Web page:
Water safety incidents in Phoenix dropped each of the past two years, thanks in part to a concerted effort to educate the community. But a toddler drowned in a backyard pool last week, kick starting the awareness effort once again.
Parenting involves countless mundane decisions — dozens a day. But as any parent knows, the potential for tragedy stemming from a wrong decision is never far from the surface of the mind. What if they go out and get hit by a car? What if I look away and they drown in the current? What if they get kidnapped?
Headlines involving celebrities are often frivolous, but the recent 911 call made from Usher’s home was no laughing matter. His 5-year-old son, Usher Raymond V., had become trapped in a pool drain. He was rescued, given CPR, and is expected to recover.
If you care about being part of your children’s lives, especially in their critically important decisions, you best pay attention to continued attacks on parental rights. There’s a frightening trend with products and laws, which usurp parent roles, thus undermining families. It’s clear where this is taking us.
1. On Monday, April 15 at 10 p.m. police reported a false reporting to law enforcement. A man near the 13000 block of South Wakial Loop initially reported his wife had been kidnapped, police said. An investigation indicated the wife was having drinks with another male subject, the man knew that and was trying to file a false report, police said.
There's a siege mentality about Michael Bay's movies, as though viewers are the enemy holed up in a bunker and he's the guy ordering heavy-metal music around-the-clock to wear down our morale and force us to surrender.
"Mud" has the feel of a classic, although it's perhaps not enthralling enough to be one. The third and most elaborate feature to date from writer-director Jeff Nichols seems to have been adapted from a novel that doesn't exist -- something by James Lee Burke, perhaps, or Cormac McCarthy, or some other specialist in frequently violent tales about the challenges to masculinity and the forging of new identities that face rural people who belong to a sprawling modern world -- who might be hanging out in a supermarket parking lot one moment and falling into a creek full of deadly cottonmouths the next.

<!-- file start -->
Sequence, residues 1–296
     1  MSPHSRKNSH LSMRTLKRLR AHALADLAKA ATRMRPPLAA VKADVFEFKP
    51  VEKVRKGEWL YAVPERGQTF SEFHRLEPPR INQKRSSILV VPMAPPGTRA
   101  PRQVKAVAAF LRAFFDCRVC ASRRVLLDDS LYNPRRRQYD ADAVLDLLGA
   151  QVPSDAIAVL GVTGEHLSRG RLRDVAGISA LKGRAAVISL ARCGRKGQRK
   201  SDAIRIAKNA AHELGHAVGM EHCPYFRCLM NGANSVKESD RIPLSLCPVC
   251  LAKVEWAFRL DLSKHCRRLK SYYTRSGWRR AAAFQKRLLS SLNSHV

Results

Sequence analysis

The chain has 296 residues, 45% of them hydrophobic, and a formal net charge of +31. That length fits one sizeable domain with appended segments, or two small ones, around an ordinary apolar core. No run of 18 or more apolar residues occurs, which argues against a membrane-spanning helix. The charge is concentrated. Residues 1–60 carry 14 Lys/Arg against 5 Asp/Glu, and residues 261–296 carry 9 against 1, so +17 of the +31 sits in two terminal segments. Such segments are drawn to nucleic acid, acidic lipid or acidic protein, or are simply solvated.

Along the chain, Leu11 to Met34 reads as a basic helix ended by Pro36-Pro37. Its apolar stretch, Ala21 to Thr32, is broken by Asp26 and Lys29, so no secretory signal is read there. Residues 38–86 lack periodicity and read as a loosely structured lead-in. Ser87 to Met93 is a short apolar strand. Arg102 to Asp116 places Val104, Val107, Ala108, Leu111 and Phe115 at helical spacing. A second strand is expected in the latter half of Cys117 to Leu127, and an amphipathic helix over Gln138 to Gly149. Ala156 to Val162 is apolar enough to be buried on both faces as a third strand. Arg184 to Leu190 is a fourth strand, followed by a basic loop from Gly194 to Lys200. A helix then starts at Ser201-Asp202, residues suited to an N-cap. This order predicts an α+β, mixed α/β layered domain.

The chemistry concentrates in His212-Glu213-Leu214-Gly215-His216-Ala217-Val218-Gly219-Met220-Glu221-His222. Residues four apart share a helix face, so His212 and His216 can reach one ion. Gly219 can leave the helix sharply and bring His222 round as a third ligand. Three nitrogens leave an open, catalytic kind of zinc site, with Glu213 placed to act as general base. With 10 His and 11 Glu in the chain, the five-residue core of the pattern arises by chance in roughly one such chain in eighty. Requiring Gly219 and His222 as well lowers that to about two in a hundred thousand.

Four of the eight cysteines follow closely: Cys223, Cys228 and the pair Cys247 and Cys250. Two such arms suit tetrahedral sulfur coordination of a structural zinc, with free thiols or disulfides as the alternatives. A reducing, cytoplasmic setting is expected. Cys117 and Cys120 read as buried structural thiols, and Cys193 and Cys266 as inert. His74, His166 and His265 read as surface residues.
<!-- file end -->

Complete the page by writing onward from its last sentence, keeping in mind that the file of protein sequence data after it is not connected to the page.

More than 55 million people in the United States are currently experiencing some degree of hearing loss. According to the Arizona Commission for the Deaf and the Hard of Hearing (ACDHH), there are more than 700,000 people in Arizona who are hard of hearing, but not everyone realizes there is something that can be done prevent further loss.
"Impactful, rowdy and rewarding” (and maybe a little tiring) is how I would describe the experience I had last year serving as a team captain for the 2012 Ahwatukee Foothills Family YMCA “Frames for Families” initiative. That’s a fancy way of saying “fundraising event,” which translates to “bowl-a-thon!” I was so impressed by the event and the result that I agreed to chair the event this year, along with my friend and fellow YMCA board member, Jim Hunt, local Farmers Insurance agent and all around Renaissance Man. In all seriousness, I am passionate about it because I have seen and heard the testimonials of families, kids and seniors in this community who have benefitted from the proceeds of this event.
The Arizona Game and Fish Department wants to remind all boaters, anglers, and personal watercraft users that this year’s boating season has arrived and to exercise safe, responsible practices when on the water.